First One Done

Chris Railey

Well-Known Member
#4
If that is your first knife then that is impressive in and of itself. Was it stock removal or forged? The only advice I would have is for your pin placement. The pommel pin could be further up the handle a little and the top pin seems off center but that could just be the picture. Other than that looks awesome for a 15th knife.
 
#7
Thank you all for taking the time to respond......and so positively at that!
Chris, in answer to your question, it's probably stamped by some giant machine. I purchased the blank, then did my thing to it. I wanted to see if I had any aptitude for this stuff. I realize that I really enjoy it, and that I have an awful lot to learn.
Bruce
 

Von Gruff

Well-Known Member
#8
Was the blade unfinished when you got it Bruce. The scratches show through the shining that has softened the plunge and grind lines but disregarding that for a first finishing of a premade blank into a knife blade it is a very creditably offering
 

John Wilson

Well-Known Member
#9
For a first knife, there is absolutely nothing bad whatsoever to say about it. Can it be improved? Of course, and that will never change regarless of how good you get. Even when the day comes that nobody else can spot an imperfection, you will because you made the knife. And that imperfection is usually all you can see when you look at the knife.

So, as you asked- what should you do differently on the next one to make it even better?

Rule number 1: Fit and finish is everything.

Don't be overly ambitious in the short term. Improving as a knifemaker is a game of baby steps. Master each step and add one step forward that you haven't mastered, but only one. When you've mastered that take another step. Why? Because the cardinal rule is that nothing is more important than fit and finish. The most basic design using the most basic materials will look fantastic when properly executed. It will look even better than a super complex knife that isn't finished as well as it could be.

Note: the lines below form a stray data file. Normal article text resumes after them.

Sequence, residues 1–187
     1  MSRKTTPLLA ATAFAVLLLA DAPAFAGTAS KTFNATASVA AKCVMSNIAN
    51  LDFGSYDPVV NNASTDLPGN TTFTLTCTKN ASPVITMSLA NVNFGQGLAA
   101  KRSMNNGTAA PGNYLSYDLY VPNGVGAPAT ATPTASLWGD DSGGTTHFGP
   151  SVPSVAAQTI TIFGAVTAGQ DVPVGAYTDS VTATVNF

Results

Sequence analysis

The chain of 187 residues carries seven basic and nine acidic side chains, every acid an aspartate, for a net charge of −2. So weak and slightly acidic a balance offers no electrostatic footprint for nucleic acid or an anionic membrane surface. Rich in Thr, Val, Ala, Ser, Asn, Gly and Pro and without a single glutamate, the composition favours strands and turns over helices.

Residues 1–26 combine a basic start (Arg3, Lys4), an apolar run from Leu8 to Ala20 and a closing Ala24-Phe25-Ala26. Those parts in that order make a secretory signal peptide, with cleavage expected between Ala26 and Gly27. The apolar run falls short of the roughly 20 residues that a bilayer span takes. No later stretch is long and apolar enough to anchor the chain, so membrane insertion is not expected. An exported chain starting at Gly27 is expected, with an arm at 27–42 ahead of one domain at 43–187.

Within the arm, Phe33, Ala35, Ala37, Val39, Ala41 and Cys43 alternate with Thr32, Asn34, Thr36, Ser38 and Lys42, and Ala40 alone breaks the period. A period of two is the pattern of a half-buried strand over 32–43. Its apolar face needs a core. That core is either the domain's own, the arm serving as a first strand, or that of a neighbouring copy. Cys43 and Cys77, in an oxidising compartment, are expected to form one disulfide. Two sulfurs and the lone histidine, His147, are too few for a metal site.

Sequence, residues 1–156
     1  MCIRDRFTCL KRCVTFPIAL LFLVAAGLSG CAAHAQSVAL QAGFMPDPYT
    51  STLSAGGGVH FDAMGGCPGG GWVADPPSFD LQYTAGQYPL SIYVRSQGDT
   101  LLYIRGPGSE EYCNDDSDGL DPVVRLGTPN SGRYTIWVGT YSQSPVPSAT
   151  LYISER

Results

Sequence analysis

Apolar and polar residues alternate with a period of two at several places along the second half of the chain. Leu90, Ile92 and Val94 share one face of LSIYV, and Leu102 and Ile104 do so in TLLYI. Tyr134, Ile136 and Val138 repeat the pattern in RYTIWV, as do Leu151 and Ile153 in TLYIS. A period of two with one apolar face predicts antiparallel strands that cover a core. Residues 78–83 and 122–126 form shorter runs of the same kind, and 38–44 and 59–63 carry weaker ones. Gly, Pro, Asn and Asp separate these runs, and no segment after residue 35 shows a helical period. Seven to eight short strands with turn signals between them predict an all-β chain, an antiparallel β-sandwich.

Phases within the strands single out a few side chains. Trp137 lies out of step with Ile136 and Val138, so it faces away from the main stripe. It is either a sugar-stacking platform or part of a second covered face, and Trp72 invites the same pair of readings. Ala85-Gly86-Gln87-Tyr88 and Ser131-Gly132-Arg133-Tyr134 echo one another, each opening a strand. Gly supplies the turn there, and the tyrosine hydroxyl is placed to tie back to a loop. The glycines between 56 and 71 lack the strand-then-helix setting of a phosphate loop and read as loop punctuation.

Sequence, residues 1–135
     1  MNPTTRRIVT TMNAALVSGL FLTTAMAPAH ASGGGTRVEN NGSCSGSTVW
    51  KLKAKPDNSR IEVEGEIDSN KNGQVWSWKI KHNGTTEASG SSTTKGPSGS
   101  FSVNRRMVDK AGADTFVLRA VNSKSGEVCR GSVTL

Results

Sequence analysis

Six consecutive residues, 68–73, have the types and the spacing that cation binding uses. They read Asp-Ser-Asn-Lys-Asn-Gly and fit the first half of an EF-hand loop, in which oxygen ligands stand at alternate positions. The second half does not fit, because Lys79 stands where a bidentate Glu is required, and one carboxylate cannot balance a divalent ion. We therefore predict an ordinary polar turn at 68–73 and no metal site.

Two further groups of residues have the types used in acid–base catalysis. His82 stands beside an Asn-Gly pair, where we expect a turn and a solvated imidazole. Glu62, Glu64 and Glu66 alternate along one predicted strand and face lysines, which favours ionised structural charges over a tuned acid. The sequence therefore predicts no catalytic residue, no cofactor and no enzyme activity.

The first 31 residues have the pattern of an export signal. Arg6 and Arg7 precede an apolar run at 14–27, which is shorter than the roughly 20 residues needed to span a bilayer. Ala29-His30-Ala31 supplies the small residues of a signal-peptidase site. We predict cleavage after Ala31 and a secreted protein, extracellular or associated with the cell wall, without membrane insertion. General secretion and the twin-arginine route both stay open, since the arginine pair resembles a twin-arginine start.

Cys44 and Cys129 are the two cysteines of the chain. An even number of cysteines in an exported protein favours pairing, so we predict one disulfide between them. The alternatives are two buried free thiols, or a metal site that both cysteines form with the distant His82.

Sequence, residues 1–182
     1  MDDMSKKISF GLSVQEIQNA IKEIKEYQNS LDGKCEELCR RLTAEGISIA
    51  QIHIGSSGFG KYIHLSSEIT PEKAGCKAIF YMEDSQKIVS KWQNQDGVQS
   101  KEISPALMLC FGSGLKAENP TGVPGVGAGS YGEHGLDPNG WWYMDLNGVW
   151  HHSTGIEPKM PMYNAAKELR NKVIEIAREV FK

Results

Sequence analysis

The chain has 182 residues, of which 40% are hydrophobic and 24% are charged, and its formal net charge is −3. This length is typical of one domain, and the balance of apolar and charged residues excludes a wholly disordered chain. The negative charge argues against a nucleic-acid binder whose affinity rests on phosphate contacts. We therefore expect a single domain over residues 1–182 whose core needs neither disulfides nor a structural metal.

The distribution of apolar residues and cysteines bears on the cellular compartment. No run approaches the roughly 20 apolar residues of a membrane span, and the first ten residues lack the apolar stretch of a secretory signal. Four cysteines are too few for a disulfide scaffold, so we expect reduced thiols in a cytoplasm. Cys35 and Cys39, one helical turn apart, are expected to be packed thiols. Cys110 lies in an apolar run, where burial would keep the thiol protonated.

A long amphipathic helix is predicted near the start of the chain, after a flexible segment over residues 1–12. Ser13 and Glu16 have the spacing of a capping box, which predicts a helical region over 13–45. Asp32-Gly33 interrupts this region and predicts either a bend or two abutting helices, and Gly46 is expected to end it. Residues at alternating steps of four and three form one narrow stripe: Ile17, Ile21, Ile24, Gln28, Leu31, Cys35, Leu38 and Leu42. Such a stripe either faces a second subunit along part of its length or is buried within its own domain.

What is fit and finish? The things that make a knife look expertly done are:

No visible errant scratches

No gaps between the blade / guard / handle

A clean finish on the blade (no scratches or marks)

Grinds on the blade must match from side to side

Good finish on the handle. (nothing that looks accidental)


That list looks very simple, and I assure you that it is not. As you can see, there is absolutely nothing on that list that pertains to the type of steel, fancy materials, or embellishments. It's all about pure craftsmanship. That list is the foundation of a good maker.

Your goal is to make the most basic, un-exciting knife possible that looks perfect. Then do it again. And again. When you become so proficient that you can turn out perfect knives with boring regularity it is time to add one item of complexity. You can make that same, boring knife out of high end materials and it will look killer. But if you jump ahead and turn out a knife with flaws it will not look killer, regardless of what it's made of or how cool the design is.
 

opaul

Well-Known Member
#10
For a first knife, there is absolutely nothing bad whatsoever to say about it. Can it be improved? Of course, and that will never change regarless of how good you get. Even when the day comes that nobody else can spot an imperfection, you will because you made the knife. And that imperfection is usually all you can see when you look at the knife.

So, as you asked- what should you do differently on the next one to make it even better?